Q. I was in Court three weeks ago and I swear the Judge said something entirely different from what the clerk's minute order says now. My ex says we have to follow the minute order, but it is WRONG - what should I do?
Libby, Rancho Cucamonga
This is a timely question and a common problem. Sometimes the judge's
clerk misunderstands or doesn't take down all of what a judge orders
- which is no surprise since discussion tends to move fast, and emotionally,
in family law court - and these folks may be rushing to take notes, or
There should always be something called a "minute order" in the court file, and maybe online if your jurisdiction makes the court docket available. Usually, the clerk prepares immediately, later that day, but sometime even later then that, which identifies the name of the case, an abbreviated description of what motion was pending, whether the parties had attorneys and who they were, and summarizes the court's rulings were at the hearing itself.
The problem is that they may not accurately reflect what was said because while the court reporter is recording everything spoken, there is rarely any discussion between the judge, his/her clerk, and the stenographer or court reporter later that assures that everybody in the justice system is on the same page, and that the minute order tracks it all.
Minute orders give some immense power to nonlawyer/nonjudge court clerks, in the sense that these people may really have a limited understanding of what was transpiring or what its import was. They are not lawyers, after all, but they may have little more understanding that a 2nd year legal secretary. Compounding matters, f the minute order is in error verses an order that needs to be submitted for the judge's signature, most court filing departments will not accept and present to the judge for signature a formal order after hearing that does not conform, usually verbatim, with the minute order - even if it is right!
I want to say, however, that some of my favorite people are court clerks. I can't imagine it being intentional, and divorce court is just plain complicated and challenging!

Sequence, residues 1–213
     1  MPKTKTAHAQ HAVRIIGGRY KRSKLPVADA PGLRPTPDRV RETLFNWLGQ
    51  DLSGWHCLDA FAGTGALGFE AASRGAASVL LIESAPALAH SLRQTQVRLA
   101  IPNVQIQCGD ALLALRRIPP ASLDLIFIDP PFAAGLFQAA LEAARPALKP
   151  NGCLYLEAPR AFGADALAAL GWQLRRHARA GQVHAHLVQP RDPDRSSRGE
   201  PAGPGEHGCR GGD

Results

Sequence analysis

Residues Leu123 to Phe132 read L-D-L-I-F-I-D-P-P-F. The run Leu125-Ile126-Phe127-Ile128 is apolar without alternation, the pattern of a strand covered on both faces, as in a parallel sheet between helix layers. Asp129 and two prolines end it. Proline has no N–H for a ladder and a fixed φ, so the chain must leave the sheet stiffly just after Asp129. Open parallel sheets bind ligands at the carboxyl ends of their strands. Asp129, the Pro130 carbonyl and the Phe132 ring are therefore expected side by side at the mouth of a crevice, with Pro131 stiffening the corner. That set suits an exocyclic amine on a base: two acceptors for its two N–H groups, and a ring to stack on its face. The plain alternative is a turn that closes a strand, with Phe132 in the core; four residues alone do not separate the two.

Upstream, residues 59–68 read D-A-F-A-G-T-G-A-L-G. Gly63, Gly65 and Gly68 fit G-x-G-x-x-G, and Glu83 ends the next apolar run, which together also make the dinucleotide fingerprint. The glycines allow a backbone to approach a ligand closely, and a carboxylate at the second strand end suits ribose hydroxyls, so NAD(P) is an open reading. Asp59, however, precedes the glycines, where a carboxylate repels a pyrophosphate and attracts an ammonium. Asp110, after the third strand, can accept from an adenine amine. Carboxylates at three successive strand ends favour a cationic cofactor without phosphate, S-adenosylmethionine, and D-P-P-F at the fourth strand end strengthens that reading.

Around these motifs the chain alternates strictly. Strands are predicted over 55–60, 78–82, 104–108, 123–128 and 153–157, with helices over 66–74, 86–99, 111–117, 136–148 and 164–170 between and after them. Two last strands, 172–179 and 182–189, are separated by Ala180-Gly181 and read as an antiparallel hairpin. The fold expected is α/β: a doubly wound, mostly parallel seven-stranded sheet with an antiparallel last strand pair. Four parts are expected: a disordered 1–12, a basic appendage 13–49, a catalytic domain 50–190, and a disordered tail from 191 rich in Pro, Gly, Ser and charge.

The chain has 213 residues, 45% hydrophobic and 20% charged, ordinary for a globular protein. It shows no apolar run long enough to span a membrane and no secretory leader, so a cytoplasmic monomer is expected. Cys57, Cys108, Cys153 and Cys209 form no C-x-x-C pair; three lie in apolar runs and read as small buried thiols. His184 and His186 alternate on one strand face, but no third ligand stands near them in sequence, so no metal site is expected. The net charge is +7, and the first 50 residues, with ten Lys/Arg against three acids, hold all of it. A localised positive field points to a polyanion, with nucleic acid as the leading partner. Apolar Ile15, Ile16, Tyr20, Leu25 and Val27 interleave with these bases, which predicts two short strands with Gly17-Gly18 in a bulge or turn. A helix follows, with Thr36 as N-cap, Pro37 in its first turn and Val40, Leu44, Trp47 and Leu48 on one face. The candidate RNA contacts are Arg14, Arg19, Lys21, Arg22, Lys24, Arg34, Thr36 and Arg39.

[At the same time, I have to tell you that on extremely rare occasions
(twice in 33 years so far), I've ordered up reporter transcripts that
definitely omitted part of the discussion "on the record." The
first time was in the late 1980's, and the judge made really biased
and offensive statements that somehow didn't survive to the court
reporter's transcipt when I filed for Writ of Mandate to enforce my
disqualification of an old time local judge. The Writ was granted and
he was disqualified by the appellate court after he'd refused to withdraw
on his own for other decisions, and we proceeded to win the underlying
CPS/Family Court custody dispute in front of the next judge, but I will
never forget my amazement to receive the reporter's transcipt when
I was drafting the appeal and to see that the entire discussion (which
was witnessed by court staff, county counsel, and my clients) was omitted.
I was a young lawyer then, and what one might or should do if they ever
suffer the same circumstance is definately better discussed in another
blawg. But, I've always concluded he told the court reporter, who
was in his courtroom day in and day out for years and so had little power
to resist his demands, if any, to 'strike' his improvident statements.
This is something a percentage of older lawyers have encountered over
the years, but we are all afraid to talk about it for the obvious reasons.
My digressions aside, yesterday an important decision was published which answers your question. In In re A.C. (2011) 197 Cal.App.4th 796, an opinion issued by the Second Appellate District Court of Appeal, the justices held that the reporter's transcript of what the court orders on the record trumps the clerk's minute order. This outcome should be obvious, but many court offices slavishly follow minute orders.
A.C. is an appeal from a juvenile court order. There was a conflict between the oral order of the court and what was recited in the clerk's transcript. The appellate court ruled "we presume the reporter's transcript is the more accurate."
So, get a copy of the transcript and see if this helps you. If so, file a motion to clarify or correct the minute order or the order after hearing and present the transcript to the court.
I will tell you that all good lawyers with clients who can afford to pay the freight (for the transcript to be prepared) request a transcript after every important hearing. These are invaluable to have in your possession where good stuff for you was said on the record, and it can be impossible to obtain them years later if you then find you need them.
I will write another day about how to deal with court reporter errors....
Author: Thurman W. Arnold III